Patricia Kennedy spent Wednesday night doing the same thing as many other Mainers: watching the Boston Red Sox win the World Series at Fenway Park for the first time since 1918.
It was the first Red Sox game in years that she didn’t watch with her husband, James Kennedy Sr. He died of cancer Tuesday, after watching the Sox take the series lead, three games to two, over the St. Louis Cardinals.
His nurses at Maine Medical Center were told there were two firm rules for caring for him: Leave his shaker of black pepper handy – “he likes it on everything,” his son Kirk Kennedy said – and make sure the game is on TV.
On Monday night, he said, they sat at his father’s bedside in the hospital and gave him a play-by-play of Game 5, not sure how much he heard.
But even as he was dying, “he knew they won,” Kirk Kennedy said. “We put him to bed after the game.”
On Wednesday night, James Kennedy’s family draped a Red Sox jersey over the back of his favorite recliner in his home in South Portland and put the headphones he used to listen to games on the seat. Patricia said she made sure to watch the series-clinching game.
She said the game was “great” and she knew that, somewhere, James was happy.
The Kennedys were among the fans whose loss loomed a little larger this week, as they mourned citizens of Red Sox Nation who didn’t get to see their beloved team’s championship.
Antonio Bifulco adored his wife and children – and the Red Sox – with seemingly equal passion. He lived long enough to see his team capture two World Series titles, in 2004 and 2007, before he died in August at the age of 80.
Wednesday night, when the Sox completed their worst-to-first turnaround from a dismal 2012, was a bittersweet moment for Lena Brooks, who remembers going to games at Fenway Park with her father and gathering in their basement to listen on the radio in the days before cable television put every game on the air.
“When they scored, he would jump up,” Brooks said Thursday. “It was a low ceiling, and one time he almost broke his hand because he hit it so hard on the ceiling.”
When he was growing up in Italy, Bifulco played soccer, not baseball. His favorite hobbies were foraging for wild mushrooms and making wine.
At his funeral, his three loves were represented. There were mushrooms. There was wine. And there were the Red Sox, in the form of a wreath with the team’s logo and pennants. His favorite Sox jacket was there during the visitation and the funeral, Brooks said.
It’s common for sports to be a focal point in families and communities, and it’s not surprising that people use sporting events to create deeper connections, even with those who have died, said Jay Coakley, a professor emeritus of sociology at the University of Colorado.
Sports creates “a communal sense, and we always kind of long for community – it’s in our DNA,” Coakley said. “We’re an individualistic society, but it’s nice to be able to unite around something that is not contentious. Sports teams provide that relatively non-contentious communal focus.”
Antonio Bifulco and James Kennedy got to see their team win titles in 2004 and 2007.
Kathy McInnis-Misenor said her family still mourns an uncle, Kenneth “Bobby” Murphy, who didn’t live long enough to see the victory in 2004, when the Red Sox beat the Cardinals and ended an 86-year championship drought.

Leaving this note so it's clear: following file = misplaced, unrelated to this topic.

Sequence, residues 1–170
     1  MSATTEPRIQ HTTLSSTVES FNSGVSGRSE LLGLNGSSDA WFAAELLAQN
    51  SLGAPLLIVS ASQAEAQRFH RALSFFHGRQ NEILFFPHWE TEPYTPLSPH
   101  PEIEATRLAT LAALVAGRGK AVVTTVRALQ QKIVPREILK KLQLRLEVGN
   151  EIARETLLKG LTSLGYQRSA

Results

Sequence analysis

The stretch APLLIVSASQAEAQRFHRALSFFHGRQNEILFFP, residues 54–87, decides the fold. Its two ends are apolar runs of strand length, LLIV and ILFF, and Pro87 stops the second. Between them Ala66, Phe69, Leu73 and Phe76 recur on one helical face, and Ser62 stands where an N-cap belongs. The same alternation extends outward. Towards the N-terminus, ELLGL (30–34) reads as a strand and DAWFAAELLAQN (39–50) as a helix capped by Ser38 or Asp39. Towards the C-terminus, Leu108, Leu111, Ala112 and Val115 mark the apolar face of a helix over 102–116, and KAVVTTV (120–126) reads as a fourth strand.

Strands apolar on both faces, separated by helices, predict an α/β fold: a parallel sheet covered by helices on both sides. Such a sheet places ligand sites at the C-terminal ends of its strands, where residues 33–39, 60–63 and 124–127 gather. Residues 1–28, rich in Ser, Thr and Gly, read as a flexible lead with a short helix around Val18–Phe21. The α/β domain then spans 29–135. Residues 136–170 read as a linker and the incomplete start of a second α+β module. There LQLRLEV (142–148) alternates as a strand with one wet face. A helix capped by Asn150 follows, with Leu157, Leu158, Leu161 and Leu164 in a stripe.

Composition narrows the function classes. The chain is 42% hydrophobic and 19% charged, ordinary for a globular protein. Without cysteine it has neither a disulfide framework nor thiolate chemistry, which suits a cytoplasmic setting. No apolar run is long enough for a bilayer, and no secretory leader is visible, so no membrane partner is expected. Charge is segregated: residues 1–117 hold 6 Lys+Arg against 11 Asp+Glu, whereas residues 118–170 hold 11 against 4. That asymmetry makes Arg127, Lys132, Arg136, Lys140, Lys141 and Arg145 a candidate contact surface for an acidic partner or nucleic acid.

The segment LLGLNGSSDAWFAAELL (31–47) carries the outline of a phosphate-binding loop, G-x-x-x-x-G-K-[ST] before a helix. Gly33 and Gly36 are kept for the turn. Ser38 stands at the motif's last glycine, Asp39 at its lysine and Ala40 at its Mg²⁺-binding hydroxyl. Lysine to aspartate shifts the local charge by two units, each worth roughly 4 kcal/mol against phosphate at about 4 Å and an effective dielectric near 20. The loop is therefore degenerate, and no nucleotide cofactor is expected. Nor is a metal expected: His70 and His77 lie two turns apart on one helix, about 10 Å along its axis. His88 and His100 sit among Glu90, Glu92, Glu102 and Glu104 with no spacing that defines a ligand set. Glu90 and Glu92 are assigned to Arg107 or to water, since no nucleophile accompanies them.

She said baseball is central in her family – her mother and father met at a game when her mother, the official scorer, gave her father an error on a play. Her mom was a Red Sox fan, and her father rooted for the New York Yankees.
Bobby Murphy was a rabid Sox fan. He died in 2002, and his nephew, Mark McInnis, and Mark’s son, Matthew, conspired to make sure part of him stayed in Fenway forever.
They signed up for a tour of Fenway Park and, from small plastic bags they had in their pockets, spread part of their uncle’s ashes around, McInnis-Misenor said. His final resting places include an area near home plate and the warning track in left field in front of the Green Monster, where Carl Yastrzemski roamed for much of his 23-year career.
Leah Tobin, a media relations representative for the Red Sox, said she wasn’t sure if the team has an official policy forbidding someone from spreading ashes in Fenway. She said she would check to find out, but didn’t have an answer by late Thursday evening.
McInnis-Misenor said her family figured that Bobby Murphy’s ashes would bring the Red Sox good luck and an immediate World Series win. But 2003 brought heartbreak, as the Red Sox blew a lead in Game 7 of the American League Championship Series and lost to their archrivals, the Yankees.
The Sox triumphed the next year, and the family believes that Bobby Murphy played a role in that long-sought championship, she said.
Lena Brooks and her brother, Leo Bifulco, said they never knew where their father’s love for the Red Sox came from, but they knew it ran deep.
Leo Bifulco said his parents bought a house in Winter Haven, Fla., where the Red Sox had their spring training camp before they moved to Fort Myers.
His father developed a friendship with Joe Morgan, who was the Sox manager in the late 1980s and early ’90s. Morgan had a taste for Bifulco’s mushrooms and wine that earned the Portlander a clubhouse pass.
When Antonio Bifulco was in Maine Medical Center in 2007 after a fall, he made sure to get his photograph taken with the Red Sox World Series trophy when it was brought to the hospital as part of a victory tour through New England.
Brooks said she thinks she has a clue about why her father loved the Red Sox and baseball. The game itself was just a piece of it.
“He loved being a citizen and being in this country,” she said. “It’s America’s pastime and he loved America.”
News Assistant Melanie Creamer contributed to this report.
Edward D. Murphy can be contacted at 791-6465 or at: